The chief executive of United Kingdom Homecare Association (UKHCA) said she would scrap the commissioning of social care services by local authorities if she were in charge of the country.
Giving evidence to the Health and Social Care Select Committee yesterday, Dr Jane Townson said the UK needs to do away with a commissioning system that treats care workers – and the people they care for – as “commodities”.
She also emphasised the value of putting people at the centre of commissioning arrangements with person-centred planning.
“I often observe that the self-funded part of the home care market points the way to how we could do things because, in that part of the market, the people are the commissioners,” she told the committee’s chairman and former Health Secretary, Jeremy Hunt.
“In my world, I would abandon local authority commissioning and I would stop the micromanaging that goes on and allow [care staff] to work with the people that they are supporting to agree and decide on what can be offered within the budget.”
Dr Townson also stressed the importance of stopping the payment of home care workers by the minute.
“Councils buy care by the minute, which means that providers have to employ by the minute. Nobody wants to do that, but it’s the system that’s wrong and it’s that feeling of not being able to meet people’s needs,” she said.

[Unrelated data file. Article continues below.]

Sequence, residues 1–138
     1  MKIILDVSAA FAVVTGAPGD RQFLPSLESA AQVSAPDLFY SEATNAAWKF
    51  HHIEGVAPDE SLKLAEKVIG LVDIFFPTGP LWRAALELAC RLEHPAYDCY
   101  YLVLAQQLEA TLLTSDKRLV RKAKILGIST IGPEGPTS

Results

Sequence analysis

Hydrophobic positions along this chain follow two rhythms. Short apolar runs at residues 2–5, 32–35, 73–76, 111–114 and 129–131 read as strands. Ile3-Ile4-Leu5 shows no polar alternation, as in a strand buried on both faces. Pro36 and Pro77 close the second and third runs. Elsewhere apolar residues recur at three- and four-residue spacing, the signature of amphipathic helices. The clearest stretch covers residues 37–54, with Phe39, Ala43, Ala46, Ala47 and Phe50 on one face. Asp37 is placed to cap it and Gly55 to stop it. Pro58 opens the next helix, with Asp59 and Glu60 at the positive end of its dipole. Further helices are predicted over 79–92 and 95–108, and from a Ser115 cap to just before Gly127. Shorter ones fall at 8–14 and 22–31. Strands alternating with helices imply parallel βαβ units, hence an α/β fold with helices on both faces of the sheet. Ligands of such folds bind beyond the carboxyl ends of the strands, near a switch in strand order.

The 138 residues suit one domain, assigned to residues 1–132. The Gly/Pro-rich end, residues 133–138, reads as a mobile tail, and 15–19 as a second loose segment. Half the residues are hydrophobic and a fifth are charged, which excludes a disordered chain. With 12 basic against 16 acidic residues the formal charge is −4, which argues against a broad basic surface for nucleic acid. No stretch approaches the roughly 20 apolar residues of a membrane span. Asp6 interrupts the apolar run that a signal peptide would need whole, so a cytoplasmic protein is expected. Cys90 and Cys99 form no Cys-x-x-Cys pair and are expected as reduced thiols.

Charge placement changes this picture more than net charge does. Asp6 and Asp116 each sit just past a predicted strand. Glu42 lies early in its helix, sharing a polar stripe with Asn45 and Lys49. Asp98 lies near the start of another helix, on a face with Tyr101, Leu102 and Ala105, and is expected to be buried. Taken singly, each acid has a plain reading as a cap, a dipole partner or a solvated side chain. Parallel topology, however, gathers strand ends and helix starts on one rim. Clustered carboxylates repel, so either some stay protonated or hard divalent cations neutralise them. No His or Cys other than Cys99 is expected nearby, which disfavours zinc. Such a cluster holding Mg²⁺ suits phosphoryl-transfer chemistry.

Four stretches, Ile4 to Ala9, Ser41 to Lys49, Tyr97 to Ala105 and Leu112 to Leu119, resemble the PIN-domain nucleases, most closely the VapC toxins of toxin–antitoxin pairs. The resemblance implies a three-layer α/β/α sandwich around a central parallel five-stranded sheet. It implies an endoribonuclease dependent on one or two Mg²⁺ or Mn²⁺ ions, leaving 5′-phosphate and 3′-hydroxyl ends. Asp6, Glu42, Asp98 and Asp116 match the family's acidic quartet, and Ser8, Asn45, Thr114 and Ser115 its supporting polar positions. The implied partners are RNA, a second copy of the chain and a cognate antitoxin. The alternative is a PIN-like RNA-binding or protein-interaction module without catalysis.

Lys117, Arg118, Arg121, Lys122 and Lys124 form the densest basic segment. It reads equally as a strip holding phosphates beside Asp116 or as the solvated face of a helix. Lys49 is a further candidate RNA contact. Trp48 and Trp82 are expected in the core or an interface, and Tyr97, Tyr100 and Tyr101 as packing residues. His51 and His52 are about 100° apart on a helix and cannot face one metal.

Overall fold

“Imagine a clinical commissioning group saying to an NHS Trust ‘we’re only going to pay nurses for every minute that they are by a patient’s bedside and we’re going to electronically tag them to find out when they are there, but we’re not going to pay them when they’re moving from one patient’s bed to the next and we’re not going to pay them when they are training’. Can you imagine the outcry?”
“On top of that, the NHS Trust would have to pay for all of those additional things, by some miracle, in some way. That is what home care providers have to do and are expected to do every day.”
Raina Summerson, the chief executive of Agincare, also criticised the practice of paying home care workers by the minute, which she said was a result of restricted public funds for home care services.
“Who would have thought that this critical role of compassion and care could be broken down to paying people by the minute and having people … not be paid for when they are walking up someone’s garden path,” she said.
In response, Hunt said he would urge ministers to rethink the practice.
He said: “I think it is something we need to talk to ministers about. When I was health secretary, I was told 15-minute visits had been abolished, but it feels like they haven’t. It is definitely something we need to look into.”